FEATURE: Angel - Eternity

FEATURE: Angel - Eternity

Previously on Angel: The gang found out first hand what it was like when Angelus got free after Angel experienced a moment of true happiness back in their Sunnydale days. He's not the kind of guy you want to party with.

After Angel and Wesley endure one of Cordelia's stage "performances" (you'll never look at Ibsen the same way again), the vampire with the soul of gold, saves the life of a considerably more famous and more talented actress, Rebecca Lowell. He naturally refuses any sort of payment for his services, but Rebecca returns, tasking Angel to help her out with a stalker issue she's been having. He's reluctant to take the case, much to Cordelia's annoyance, as he's attracted to her, but his natural heroic ways get in the way. However, little does he realise how affected Rebecca is by her flagging career and the lengths to which she'll go to save it, unleashing someone everyone would rather have kept hidden.

Eternity is one of the most memorable episodes in the first season run, a keen examination of isolation and desperation with a 'be careful what you wish for' kicker at the end. Like the other good episodes here, it focuses on the way in which the case affects one of our central characters and it's Angel's turn in the spotlight once again. Every now and again during this show, it likes to reacquiant us of the stakes (pun intended) of his battle against evil and, more importantly, his battle against himself. 

We haven't seen the most recent version of Angelus proper since Becoming and Eternity offers up a timely reminder of just how sadistic and horrible Angel's alter-ego is. The episode does it very cleverly; as Angel succumbs to the drug Rebecca gives him, he gradually gets a little more mean before unleashing completely as Angel loses control. When he forcefeeds blood to Rebecca, it feels like a huge violation, not only of Rebecca, but also the audience, unprepared as we are for the arrival of Angelus.

It helps that, even if you've only started watching Angel rather than following Buffy, the cast completely sell the danger of the situation. Boreanaz's performances as Angelus have always been great, but the physical change here is extraordinary; he suddenly looms over everything rather than maintaining Angel's rather hunched presence. Even the slight change in vocal pitch is freaky. It's left with Carpenter to call back to Buffy as Cordy is the only character in this show that has firsthand experience of what Angelus is capable of. Her facing up to him is a brilliant character moment, as well as demonstrating how prepared she is should the worst happen again.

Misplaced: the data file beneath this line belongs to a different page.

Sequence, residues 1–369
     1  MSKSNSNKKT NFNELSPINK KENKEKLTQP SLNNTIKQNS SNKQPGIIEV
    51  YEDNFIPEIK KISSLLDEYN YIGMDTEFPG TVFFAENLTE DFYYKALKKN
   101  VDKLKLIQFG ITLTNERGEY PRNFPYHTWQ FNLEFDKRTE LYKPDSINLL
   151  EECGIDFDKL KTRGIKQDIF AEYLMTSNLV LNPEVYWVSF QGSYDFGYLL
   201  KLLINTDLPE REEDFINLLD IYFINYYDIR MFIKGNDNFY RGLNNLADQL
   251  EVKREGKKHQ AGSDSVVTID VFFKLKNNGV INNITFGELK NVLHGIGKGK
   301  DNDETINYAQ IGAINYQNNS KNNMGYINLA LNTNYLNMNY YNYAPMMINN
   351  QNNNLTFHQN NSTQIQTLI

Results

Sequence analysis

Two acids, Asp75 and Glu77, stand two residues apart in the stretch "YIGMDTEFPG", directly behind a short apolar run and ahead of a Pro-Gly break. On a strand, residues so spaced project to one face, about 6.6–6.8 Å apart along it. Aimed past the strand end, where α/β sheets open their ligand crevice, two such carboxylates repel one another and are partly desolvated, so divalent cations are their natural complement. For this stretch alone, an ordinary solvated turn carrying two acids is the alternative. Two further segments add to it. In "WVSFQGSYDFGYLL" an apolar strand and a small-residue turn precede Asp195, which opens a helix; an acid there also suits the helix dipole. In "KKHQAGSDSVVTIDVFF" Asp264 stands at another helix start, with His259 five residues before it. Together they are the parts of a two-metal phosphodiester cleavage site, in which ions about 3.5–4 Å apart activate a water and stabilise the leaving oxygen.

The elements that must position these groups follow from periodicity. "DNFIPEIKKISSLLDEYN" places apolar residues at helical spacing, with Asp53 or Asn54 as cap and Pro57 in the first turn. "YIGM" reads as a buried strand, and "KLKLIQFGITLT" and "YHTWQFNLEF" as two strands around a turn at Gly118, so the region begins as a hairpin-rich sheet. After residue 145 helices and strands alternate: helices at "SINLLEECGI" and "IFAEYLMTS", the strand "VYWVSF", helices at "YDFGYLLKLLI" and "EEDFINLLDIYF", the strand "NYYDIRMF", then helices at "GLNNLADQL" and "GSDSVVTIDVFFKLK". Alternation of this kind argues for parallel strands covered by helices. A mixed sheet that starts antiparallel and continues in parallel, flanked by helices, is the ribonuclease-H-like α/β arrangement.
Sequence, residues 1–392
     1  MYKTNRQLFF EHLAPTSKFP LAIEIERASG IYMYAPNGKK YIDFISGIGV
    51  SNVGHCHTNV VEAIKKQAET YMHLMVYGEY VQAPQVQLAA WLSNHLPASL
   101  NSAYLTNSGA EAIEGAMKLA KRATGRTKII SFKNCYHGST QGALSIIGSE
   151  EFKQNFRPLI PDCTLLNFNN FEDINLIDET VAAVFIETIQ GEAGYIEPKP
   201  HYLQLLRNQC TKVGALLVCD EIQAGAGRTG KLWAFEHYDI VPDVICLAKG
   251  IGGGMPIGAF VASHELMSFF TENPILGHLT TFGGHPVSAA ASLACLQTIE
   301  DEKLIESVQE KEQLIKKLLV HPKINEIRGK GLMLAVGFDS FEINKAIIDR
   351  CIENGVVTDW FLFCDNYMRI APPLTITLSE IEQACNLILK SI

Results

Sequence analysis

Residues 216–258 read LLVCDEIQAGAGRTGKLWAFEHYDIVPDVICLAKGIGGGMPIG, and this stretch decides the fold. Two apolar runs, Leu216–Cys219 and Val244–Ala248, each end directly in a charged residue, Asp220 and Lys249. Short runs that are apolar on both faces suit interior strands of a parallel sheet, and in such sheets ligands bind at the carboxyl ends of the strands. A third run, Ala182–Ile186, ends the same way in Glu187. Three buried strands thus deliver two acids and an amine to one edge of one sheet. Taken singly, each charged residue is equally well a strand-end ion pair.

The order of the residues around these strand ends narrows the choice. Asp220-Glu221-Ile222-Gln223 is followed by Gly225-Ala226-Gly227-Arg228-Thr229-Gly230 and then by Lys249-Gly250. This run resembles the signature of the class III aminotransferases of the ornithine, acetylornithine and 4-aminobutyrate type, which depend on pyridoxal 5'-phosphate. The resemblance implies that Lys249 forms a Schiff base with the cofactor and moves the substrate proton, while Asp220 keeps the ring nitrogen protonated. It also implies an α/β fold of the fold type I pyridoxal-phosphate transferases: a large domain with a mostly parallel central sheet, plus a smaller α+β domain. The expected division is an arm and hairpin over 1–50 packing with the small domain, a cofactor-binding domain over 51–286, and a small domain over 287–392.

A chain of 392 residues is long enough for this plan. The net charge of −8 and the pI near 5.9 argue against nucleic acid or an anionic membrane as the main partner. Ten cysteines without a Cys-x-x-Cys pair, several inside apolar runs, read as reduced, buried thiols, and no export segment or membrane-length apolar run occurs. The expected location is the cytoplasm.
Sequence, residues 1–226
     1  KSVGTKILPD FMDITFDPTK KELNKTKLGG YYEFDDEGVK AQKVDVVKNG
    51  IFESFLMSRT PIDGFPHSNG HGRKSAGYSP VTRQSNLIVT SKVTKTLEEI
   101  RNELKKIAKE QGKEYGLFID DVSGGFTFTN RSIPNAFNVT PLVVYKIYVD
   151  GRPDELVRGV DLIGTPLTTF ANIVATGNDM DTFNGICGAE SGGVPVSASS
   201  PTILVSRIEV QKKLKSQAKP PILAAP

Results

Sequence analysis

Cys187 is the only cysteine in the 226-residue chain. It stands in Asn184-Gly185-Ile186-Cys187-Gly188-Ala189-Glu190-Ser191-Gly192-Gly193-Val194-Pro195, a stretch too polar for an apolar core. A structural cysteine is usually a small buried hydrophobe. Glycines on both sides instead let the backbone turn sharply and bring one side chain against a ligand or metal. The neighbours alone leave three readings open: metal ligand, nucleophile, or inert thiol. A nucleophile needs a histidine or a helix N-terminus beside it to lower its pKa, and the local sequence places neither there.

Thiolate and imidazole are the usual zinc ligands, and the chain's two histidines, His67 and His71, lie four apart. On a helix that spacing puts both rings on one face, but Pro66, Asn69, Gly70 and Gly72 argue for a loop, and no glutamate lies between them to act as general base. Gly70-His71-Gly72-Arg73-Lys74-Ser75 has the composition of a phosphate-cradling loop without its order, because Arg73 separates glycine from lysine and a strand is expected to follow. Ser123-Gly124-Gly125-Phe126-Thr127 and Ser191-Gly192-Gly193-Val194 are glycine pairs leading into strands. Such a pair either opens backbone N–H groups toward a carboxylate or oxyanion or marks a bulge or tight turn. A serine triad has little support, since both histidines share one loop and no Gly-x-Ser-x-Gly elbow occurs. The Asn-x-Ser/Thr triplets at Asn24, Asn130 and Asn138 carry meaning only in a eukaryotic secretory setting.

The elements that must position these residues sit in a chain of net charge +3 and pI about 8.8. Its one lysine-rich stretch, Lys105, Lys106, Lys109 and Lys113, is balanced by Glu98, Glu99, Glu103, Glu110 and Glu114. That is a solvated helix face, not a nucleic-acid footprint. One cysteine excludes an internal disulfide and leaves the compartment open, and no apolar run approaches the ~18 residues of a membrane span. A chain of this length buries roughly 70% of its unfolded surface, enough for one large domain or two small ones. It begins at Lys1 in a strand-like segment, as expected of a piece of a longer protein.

The rest of the episode deals with more universal matters of ageing and relevance as Rebecca's plan to become a vampire is entirely down to her desire to remain youthful enough for her career. The treatment of women in the entertainment industry is an even hotter topic now than it was back in the day as more and more women speak out about some of the horrific treatment they've received or how it makes them feel. Tamara Gorski puts in a solid performance as the desperate, lonely actress and sparks well with Boreanaz to make her one of the more memorable guest stars. You also forget how slimy Michael Mantell is as the Hollywood agent (last seen in City Of trying to land Angel as a client).

However, even though it is but a brief appearance from the monster with the angelic face, it's a memorable one and a keen reminder of the danger that Angel is placed in every day. Not only that, but the danger for those around him too. 

Quote of the Week:

Angel [chained to the bed]: So, we're ok then?
Cordelia: I'm too big a person to let something so petty get in the way of our friendship.
Angel: I appreciate that. You're going to untie me, are you?
Cordelia: Pfffft. [She leaves]
Angel: Wesley? Cordelia? ...Guys?

Let's Get Trivial: Rebecca's mansion is the same location used for Lady Gaga's Poker Face video.

Demonology 101: Initially, the episode was simply supposed to focus on Rebecca and be a standard client-of-the-week type deal. It was Joss Whedon who decided that it should have the Angelus spin on it, thus providing the more emotional core that was needed. It is the evil vampire's penultimate appearance in the television Buffyverse.

- Becky

You can read Becky's look at previous episode, The Ring, here.

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